Every GM preaches drafting the best player available. Some are at least honest enough to admit that need also plays a significant role in that selection. Former Raiders GM Reggie McKenzie was one of those who consistently swore the player he selected was the best player on the board, even though the selections were clearly filling needs. Raiders GM Mike Mayock is a bit more upfront about the more practical strategy a GM uses to select certain players — that need is the primary factor.
“I’m the son of a coach and I know how coaches think, and coaches think need,” Mayock said in his pre-draft press conference. “And we are a coach-driven building, our coaches are highly involved and that’s good. I embrace that.”
I doubt there are many (if any) reading this who isn’t already quite familiar with the Raiders considerable need of edge rushing. The need was so great that it seemed inevitable the team would make a play for one of the top edge rushers in free agency to ensure they didn’t go into the draft in desperation mode at the position.
Being desperate at any position ends up calling for desperate measures.
“The flip side is you can’t reach,” Mayock continued, “you got to use some common sense and that’s what I preach upstairs. Is that if we are in a situation where if two similarly rated players and one is a higher position of need, great, let’s go get him, but if there is a discount, a disparity between two let’s not reach for need because the more you do that, the more you dilute your roster, and that’s a conversation we’ve had a lot.”
It’s a conversation that needed to happen, especially after last year’s draft.
In Gruden’s first draft since returning to coaching he passed up on clearly the best player on the board and best safety in the draft Derwin James (twice) to reach for tackle Kolton Miller. Then he traded up in the third round to get small school tackle Brandon Parker. Those reaches bit them in the ass last season and still this offseason tackle was the top priority as they began free agency by making Trent Brown the highest paid offensive lineman in NFL history.
With the way most mock drafts are falling, the Raiders are in a precarious position with regard to pass rushers. The top two pass rushers Nick Bosa and Josh Allen are usually gone, and the next tier would be considered a reach at 4. The edge rushers most commonly in that group are Brian Burns, Montez Sweat, and Clelin Ferrell. But by the time they get to pick 24, all those next tier of pass rushers figure to be gone.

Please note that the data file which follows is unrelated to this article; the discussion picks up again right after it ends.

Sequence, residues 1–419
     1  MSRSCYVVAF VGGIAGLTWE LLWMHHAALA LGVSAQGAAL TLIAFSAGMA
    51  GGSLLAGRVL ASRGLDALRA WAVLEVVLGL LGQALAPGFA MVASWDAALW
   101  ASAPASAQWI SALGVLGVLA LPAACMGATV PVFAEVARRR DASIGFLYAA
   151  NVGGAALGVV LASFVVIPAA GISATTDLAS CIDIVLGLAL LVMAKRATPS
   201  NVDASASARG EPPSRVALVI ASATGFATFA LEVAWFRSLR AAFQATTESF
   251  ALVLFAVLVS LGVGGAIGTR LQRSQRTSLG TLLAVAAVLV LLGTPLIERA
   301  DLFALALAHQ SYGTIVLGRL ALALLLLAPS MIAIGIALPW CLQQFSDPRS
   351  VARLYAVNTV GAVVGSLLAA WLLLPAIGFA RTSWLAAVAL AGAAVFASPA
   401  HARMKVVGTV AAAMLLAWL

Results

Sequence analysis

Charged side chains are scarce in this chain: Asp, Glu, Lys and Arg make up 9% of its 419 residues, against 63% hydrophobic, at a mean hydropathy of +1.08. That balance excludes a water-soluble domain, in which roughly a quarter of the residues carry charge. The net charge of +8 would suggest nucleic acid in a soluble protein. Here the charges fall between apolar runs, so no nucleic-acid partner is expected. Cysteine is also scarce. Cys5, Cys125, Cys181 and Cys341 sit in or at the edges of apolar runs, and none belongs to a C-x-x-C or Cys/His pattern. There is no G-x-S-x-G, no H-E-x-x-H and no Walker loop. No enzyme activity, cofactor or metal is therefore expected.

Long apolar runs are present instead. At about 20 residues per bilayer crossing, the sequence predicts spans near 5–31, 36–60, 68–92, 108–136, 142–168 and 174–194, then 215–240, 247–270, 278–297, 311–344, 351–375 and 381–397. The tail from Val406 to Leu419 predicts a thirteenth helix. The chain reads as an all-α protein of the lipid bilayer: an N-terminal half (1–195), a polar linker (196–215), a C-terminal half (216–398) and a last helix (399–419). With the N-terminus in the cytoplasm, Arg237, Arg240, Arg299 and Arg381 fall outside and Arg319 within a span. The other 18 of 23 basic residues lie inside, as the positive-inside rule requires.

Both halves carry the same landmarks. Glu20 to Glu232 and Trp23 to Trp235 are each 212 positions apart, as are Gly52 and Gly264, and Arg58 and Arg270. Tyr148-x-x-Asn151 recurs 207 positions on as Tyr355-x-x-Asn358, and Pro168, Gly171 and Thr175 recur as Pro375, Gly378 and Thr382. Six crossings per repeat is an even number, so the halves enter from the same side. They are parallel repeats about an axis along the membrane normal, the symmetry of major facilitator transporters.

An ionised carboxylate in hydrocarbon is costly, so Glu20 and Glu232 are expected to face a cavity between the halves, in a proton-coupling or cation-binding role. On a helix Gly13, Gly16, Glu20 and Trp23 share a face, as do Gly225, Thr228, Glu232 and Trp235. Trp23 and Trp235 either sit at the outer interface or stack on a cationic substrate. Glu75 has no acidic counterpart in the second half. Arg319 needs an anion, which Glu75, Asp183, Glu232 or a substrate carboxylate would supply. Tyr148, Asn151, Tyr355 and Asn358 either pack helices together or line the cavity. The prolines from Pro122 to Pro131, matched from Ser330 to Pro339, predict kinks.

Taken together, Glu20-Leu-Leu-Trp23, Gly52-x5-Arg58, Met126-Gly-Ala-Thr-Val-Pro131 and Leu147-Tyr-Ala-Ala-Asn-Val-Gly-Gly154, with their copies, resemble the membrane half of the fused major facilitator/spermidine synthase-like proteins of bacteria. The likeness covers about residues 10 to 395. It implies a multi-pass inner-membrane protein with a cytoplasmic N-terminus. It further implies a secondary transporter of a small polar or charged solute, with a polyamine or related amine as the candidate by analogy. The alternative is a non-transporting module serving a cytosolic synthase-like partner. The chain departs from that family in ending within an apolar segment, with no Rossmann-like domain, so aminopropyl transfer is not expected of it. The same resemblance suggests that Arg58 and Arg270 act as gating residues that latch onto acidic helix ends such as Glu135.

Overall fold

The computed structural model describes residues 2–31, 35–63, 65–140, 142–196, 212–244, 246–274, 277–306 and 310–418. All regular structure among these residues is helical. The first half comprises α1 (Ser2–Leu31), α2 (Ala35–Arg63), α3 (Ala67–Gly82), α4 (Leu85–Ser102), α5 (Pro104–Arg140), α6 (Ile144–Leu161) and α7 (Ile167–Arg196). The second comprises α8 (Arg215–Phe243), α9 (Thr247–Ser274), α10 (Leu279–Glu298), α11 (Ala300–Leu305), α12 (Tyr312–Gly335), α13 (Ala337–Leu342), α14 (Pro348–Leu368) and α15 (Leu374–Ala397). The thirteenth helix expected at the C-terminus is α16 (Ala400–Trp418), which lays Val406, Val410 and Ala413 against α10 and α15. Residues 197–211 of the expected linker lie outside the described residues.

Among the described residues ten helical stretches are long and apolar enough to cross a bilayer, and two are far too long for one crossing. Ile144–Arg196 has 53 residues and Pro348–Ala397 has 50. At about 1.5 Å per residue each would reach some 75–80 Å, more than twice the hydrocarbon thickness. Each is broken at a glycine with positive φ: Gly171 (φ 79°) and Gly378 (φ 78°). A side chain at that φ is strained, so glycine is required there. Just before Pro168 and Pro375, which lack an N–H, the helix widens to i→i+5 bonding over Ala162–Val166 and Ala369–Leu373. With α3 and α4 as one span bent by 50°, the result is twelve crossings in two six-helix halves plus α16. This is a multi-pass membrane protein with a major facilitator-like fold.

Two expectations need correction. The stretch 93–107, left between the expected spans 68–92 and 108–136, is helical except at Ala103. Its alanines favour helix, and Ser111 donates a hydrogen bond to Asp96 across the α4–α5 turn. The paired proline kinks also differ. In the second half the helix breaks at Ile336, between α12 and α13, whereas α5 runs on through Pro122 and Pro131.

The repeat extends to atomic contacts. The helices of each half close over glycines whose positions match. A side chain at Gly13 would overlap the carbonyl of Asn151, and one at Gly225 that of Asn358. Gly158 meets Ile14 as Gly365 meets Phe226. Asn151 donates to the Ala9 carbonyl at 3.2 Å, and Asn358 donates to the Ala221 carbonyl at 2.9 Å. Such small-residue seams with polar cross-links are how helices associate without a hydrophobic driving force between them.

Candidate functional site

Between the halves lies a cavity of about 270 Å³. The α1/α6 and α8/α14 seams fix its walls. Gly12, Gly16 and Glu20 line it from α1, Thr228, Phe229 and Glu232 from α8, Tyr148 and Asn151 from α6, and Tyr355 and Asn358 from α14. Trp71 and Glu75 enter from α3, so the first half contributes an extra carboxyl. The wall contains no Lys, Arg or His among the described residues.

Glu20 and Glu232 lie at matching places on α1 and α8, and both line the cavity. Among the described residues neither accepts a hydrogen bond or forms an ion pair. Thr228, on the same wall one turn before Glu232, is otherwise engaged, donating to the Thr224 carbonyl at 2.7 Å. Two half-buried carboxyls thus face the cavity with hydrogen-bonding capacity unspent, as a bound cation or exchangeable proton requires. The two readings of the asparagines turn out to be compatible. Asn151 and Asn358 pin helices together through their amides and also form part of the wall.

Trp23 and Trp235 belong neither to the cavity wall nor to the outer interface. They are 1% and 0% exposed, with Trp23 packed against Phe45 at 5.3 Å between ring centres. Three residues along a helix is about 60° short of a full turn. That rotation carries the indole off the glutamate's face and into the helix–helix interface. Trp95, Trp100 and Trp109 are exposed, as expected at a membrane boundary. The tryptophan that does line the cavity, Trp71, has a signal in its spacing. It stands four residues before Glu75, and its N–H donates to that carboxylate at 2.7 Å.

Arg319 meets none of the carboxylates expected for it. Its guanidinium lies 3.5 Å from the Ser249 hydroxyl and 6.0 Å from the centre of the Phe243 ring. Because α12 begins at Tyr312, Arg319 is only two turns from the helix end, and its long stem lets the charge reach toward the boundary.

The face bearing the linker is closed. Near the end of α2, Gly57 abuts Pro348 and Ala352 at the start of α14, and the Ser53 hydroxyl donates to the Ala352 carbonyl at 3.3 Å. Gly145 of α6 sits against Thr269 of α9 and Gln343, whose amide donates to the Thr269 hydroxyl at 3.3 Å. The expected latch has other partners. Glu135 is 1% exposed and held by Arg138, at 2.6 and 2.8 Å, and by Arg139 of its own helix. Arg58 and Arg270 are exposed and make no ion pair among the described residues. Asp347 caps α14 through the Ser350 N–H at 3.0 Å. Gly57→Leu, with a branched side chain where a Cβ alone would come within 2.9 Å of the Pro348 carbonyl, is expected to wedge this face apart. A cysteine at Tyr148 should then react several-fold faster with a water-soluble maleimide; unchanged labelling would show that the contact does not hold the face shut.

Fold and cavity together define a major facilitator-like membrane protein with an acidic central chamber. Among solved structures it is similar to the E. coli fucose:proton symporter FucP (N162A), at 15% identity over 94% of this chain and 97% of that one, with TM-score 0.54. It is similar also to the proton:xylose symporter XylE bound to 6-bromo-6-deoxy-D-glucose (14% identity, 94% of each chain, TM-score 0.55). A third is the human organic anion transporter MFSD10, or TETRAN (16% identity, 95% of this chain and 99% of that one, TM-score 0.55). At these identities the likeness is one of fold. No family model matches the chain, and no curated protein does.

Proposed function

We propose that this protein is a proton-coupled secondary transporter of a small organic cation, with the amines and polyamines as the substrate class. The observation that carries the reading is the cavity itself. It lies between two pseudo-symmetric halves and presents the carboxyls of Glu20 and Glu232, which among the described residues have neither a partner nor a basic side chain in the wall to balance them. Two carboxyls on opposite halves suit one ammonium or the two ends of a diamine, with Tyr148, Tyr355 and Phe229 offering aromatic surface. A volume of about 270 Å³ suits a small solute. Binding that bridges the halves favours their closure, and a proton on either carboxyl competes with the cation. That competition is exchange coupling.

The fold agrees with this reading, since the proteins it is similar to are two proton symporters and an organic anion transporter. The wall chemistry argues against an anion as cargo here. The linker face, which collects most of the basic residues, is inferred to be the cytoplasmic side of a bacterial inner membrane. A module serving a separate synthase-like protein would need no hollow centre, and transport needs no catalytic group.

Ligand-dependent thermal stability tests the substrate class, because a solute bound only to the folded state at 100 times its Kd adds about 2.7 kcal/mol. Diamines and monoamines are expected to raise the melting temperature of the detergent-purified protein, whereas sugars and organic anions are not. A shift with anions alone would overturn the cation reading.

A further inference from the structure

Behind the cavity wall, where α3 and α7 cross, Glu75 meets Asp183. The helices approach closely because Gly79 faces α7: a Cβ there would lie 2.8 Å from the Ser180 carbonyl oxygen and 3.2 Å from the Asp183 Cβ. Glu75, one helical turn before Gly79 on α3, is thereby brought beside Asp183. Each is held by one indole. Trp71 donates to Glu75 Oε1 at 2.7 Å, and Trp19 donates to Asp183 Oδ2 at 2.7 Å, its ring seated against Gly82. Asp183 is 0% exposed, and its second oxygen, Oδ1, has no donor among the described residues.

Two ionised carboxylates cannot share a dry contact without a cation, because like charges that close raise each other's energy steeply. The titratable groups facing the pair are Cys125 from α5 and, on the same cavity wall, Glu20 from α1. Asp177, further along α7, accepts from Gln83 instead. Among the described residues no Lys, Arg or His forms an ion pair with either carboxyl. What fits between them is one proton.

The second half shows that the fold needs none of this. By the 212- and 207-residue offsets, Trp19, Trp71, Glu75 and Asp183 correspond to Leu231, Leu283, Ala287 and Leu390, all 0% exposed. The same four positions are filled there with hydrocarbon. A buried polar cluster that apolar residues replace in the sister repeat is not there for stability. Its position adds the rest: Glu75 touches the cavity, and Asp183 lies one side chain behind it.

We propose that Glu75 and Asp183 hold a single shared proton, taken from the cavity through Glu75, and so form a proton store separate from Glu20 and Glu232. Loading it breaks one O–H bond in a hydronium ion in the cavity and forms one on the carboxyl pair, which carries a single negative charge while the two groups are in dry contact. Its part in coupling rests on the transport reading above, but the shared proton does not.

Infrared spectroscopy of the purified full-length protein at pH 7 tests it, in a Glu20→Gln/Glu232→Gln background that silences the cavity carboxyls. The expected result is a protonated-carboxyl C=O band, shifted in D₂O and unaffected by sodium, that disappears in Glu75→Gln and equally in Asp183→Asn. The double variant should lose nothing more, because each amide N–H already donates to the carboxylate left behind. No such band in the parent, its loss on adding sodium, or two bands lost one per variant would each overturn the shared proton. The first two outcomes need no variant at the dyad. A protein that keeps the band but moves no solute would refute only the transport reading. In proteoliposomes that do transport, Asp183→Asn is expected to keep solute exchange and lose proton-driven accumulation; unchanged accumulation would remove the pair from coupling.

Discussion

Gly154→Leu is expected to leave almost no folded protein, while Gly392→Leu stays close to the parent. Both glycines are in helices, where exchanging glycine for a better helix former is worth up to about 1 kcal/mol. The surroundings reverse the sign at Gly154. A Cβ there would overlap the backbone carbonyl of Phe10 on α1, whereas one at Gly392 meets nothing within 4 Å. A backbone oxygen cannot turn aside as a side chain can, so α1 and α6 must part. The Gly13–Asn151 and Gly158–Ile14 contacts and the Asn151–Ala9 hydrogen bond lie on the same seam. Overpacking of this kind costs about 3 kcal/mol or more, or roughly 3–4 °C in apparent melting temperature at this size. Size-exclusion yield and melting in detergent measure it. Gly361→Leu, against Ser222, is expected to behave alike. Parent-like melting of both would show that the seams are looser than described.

This will make it tempting to trade up in the first round. The fear with that is teams strong arming the Raiders to force them to give up too much in trade knowing they have them right where they want them. The draft value chart suggests the Raiders could move up into the top 12 while not having to surrender both pick 24 and 27. But if the team they are negotiating with simply stands their ground, and the Raiders know if they don’t make that trade, they will miss out on one of the draft’s top pass rushers, they may be forced to overpay to make the move.
The next group of edge rushers are not widely considered first round prospects. But as much draft sense as it makes for the Raiders to not reach for anyone in that group at 24 or 27, it could prove tempting if they are sitting there looking at the risk of going through all three first round selections without addressing the most glaring need on the team.
No one knows exactly how the draft will play out. Mayock’s draft board might be very different than those of other teams or draft analysts. It often is. He is also not the one with the final say in who gets drafted.
Mayock admits that he is the conservative one and Gruden is more willing to ‘“roll the dice”. Gruden gets antsy and either gives up too much or drafts players higher than they should be taken for fear of not getting his guy or not filling a need. That’s not a good combination when considering the situation the Raiders have put themselves in at edge rusher.